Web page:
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History Bytes: The Newport Asylum

The U.S. Naval War College was established this week in 1884 and Commodore Stephen B. Luce was appointed its first president. The college occupied the building now known as Founder’s Hall on Coaster Harbor Island, which had an interesting life of its own before naval strategy was taught within its halls.

Founder’s Hall was originally built in 1819 by the City of Newport as the Newport Asylum and Poor House and in 1822 occupants from the earlier poor house on Broadway were moved there. Residents included the indigent, mentally ill and substance-dependent citizens of a city that was still struggling from the economic destruction of the American Revolution and War of 1812. In later years, Asylum residents were moved to state hospitals and sanitariums and the building was sold to the federal government in 1880.

Engraving from the NHS Collection, 2004.13.119. Artist, G. Wall; engraved and printed by Fenner, Sears & Co.

History Bytes: Evolution of the NHS Resource Center

As the opening of the Newport Historical Society’s new Resource Center approaches, it is timely to review the building’s evolution:

1854 Newport Historical Society incorporated. Rhode Island Historical Society’s “southern cabinet” collections housed at the Redwood Library.

1880 The 1730 Seventh Day Baptist Meeting House was purchased and moved from lower Barney Street to Touro Street and was converted to an exhibit hall.

1902 The Seventh Day Baptist Meeting House was moved north on the Touro Street lot. A library and office space was added to the front of the Meeting House on Touro Street.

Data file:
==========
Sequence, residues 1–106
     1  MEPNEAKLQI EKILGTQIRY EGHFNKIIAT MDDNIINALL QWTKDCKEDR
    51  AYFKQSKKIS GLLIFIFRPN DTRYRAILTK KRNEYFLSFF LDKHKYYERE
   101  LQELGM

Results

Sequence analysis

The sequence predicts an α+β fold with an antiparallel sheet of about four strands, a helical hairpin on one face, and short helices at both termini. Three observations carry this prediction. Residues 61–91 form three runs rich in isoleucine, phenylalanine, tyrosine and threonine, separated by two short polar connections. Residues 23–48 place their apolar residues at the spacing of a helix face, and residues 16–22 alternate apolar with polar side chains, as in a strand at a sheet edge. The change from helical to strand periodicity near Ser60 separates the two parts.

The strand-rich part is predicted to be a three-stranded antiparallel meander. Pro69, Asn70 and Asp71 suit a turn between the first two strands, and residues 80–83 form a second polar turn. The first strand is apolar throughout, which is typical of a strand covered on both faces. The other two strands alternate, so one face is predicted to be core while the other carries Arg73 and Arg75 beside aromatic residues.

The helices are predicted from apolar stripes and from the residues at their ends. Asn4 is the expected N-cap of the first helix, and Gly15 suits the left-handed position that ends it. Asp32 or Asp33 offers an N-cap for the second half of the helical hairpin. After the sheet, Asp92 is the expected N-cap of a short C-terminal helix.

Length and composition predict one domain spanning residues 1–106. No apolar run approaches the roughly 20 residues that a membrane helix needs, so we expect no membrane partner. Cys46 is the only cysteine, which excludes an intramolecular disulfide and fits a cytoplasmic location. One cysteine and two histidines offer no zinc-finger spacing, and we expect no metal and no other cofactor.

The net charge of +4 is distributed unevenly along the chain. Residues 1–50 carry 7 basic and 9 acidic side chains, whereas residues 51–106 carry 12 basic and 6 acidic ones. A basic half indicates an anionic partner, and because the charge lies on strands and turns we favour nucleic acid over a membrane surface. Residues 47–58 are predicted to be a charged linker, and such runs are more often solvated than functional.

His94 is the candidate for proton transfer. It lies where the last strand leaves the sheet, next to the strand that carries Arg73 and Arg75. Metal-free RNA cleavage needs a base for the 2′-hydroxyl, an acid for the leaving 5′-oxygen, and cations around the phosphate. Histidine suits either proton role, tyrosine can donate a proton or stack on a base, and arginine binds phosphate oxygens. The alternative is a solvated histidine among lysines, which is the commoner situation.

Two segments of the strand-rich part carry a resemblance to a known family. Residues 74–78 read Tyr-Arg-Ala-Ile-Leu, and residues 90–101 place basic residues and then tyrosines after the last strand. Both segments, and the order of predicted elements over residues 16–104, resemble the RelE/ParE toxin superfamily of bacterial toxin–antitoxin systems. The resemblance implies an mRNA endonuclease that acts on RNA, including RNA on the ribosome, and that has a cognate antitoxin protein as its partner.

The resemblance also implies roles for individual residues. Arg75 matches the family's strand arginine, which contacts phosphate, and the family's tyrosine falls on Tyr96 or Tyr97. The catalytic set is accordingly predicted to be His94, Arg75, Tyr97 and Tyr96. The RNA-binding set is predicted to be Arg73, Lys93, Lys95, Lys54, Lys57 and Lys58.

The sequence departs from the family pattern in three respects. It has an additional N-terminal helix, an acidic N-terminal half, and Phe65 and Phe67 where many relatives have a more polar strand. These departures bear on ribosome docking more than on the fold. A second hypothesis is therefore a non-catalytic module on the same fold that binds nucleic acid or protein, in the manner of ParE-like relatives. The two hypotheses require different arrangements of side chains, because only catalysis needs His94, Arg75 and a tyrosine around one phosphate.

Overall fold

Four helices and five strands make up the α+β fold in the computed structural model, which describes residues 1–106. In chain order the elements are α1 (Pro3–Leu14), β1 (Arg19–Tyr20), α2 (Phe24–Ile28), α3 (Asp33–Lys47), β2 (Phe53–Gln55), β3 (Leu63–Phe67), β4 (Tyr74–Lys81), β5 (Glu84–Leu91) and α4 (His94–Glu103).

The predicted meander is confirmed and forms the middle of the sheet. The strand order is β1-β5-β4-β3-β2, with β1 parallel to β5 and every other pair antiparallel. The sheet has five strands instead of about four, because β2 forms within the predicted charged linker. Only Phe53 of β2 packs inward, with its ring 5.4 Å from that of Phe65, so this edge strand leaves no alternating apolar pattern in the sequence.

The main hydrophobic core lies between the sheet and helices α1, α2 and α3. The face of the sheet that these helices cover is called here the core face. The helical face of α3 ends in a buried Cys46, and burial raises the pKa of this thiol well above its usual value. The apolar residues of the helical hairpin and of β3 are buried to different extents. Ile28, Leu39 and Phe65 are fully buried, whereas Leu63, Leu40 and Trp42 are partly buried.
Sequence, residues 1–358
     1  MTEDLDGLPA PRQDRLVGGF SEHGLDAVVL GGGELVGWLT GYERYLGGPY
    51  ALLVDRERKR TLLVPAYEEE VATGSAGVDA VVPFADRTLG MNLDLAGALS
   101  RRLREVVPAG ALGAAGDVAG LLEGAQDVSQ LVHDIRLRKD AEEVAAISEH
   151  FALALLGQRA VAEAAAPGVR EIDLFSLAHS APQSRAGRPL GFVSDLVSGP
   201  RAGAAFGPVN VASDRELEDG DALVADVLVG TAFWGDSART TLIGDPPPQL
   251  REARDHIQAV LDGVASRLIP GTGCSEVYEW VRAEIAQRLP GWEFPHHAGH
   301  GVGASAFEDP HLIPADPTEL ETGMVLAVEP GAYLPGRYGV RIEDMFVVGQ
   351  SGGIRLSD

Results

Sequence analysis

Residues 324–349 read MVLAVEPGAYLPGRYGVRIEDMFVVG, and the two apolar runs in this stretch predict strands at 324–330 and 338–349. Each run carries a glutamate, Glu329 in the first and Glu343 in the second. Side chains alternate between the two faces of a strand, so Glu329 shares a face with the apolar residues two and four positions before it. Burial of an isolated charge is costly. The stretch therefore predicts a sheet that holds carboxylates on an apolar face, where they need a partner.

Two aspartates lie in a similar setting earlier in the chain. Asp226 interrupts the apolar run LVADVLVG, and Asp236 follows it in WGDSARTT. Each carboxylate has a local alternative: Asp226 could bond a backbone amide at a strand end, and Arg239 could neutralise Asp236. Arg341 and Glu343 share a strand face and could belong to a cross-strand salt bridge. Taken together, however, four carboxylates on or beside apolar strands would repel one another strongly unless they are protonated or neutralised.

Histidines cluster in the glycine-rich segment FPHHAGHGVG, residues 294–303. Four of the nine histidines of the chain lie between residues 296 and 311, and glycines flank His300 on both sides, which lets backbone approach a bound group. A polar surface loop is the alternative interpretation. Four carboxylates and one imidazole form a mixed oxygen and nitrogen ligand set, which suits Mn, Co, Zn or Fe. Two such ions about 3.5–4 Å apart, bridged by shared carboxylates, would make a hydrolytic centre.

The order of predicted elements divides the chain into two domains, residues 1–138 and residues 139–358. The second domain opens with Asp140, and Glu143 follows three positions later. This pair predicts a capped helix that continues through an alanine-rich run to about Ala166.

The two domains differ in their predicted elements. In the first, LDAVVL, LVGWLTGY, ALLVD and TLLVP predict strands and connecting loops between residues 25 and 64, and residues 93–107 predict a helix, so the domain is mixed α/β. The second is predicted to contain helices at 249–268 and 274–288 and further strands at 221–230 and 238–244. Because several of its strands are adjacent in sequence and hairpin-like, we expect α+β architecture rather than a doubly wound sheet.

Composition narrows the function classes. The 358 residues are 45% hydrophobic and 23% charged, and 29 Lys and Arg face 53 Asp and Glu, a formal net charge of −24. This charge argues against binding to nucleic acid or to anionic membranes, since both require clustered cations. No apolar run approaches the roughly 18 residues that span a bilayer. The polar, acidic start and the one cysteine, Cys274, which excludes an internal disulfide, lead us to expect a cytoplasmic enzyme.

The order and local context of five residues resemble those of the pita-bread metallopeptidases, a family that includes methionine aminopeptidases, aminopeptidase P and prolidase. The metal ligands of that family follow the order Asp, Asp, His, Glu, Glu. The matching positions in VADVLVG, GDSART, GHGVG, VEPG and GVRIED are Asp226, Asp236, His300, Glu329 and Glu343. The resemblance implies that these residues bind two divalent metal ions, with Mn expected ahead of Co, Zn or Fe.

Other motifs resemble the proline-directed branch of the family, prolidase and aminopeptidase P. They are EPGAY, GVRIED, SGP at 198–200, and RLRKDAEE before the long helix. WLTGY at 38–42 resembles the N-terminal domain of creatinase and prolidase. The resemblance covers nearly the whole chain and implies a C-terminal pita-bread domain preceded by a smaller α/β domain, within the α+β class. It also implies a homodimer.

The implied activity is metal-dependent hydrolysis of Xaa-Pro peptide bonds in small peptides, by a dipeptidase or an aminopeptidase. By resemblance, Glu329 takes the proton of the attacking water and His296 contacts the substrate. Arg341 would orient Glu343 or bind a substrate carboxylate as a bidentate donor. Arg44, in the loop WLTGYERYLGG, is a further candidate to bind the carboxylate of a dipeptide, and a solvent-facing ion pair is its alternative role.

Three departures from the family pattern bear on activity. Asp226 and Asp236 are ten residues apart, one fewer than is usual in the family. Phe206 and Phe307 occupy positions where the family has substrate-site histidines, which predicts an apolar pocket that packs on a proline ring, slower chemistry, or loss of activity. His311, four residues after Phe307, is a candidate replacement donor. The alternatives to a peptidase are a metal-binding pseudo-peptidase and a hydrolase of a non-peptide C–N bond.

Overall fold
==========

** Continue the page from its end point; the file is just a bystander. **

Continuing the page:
1915 The Seventh Day Meeting House was again moved back. A new building with exhibit halls, offices and storage rooms were constructed at the rear of the library from matching gifts of Arthur Curtiss James.

2014-2015 Renovation of the 1902 and 1915 buildings into a state-of-the-art Resource Center which includes an elevator and new entrance.

Above: Cyan postcard depicting a Newport Historical Society exhibit space in the Seventh Day Baptist Meeting House, circa 1910. NHS 2009.3.37.

Below: Architectural renderings of the Historical Society’s 1915 addition, attributed to architect Joseph G. Stevens. NHS 2012.13.



History Bytes: Coaching in Newport

This week Newport will host the triennial Weekend of Coaching with parades and demonstrations throughout the city. An important promoter of coaching was Fairman Rogers (1833-1900), whose book A Manual of Coaching (1900) helped turn a casual pastime into a serious sport.

Rogers, an engineer, inventor, educator and decorated veteran from Philadelphia, built “Fairholme” on Ruggles Avenue in 1874 with the help of his brother-in-law architect Frank Furness. After several alterations, “Fairholme” recently sold for $15 million.

Above: William Vanderbilt driving his road coach, Venture, in the Newport Horse Show at the Newport Casino, c.1926. People pictured include Mr. Vanderbilt, his daughter Emily, Miss Louise F. Waring, Mrs. Joseph La Rocque, Mr. Lewis Waring, and an unidentified assistant. Venture is in the Breakers Stable. Image from the NHS photo collection.